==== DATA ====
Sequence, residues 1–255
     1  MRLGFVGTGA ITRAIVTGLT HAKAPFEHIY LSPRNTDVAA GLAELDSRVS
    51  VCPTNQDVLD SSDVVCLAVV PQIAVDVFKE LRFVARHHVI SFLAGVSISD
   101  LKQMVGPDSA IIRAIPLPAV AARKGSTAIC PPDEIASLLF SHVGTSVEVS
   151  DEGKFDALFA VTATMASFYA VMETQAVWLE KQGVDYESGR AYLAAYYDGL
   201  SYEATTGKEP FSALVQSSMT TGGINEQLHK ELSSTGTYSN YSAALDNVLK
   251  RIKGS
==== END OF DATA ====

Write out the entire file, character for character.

Sequence, residues 1–255
     1  MRLGFVGTGA ITRAIVTGLT HAKAPFEHIY LSPRNTDVAA GLAELDSRVS
    51  VCPTNQDVLD SSDVVCLAVV PQIAVDVFKE LRFVARHHVI SFLAGVSISD
   101  LKQMVGPDSA IIRAIPLPAV AARKGSTAIC PPDEIASLLF SHVGTSVEVS
   151  DEGKFDALFA VTATMASFYA VMETQAVWLE KQGVDYESGR AYLAAYYDGL
   201  SYEATTGKEP FSALVQSSMT TGGINEQLHK ELSSTGTYSN YSAALDNVLK
   251  RIKGS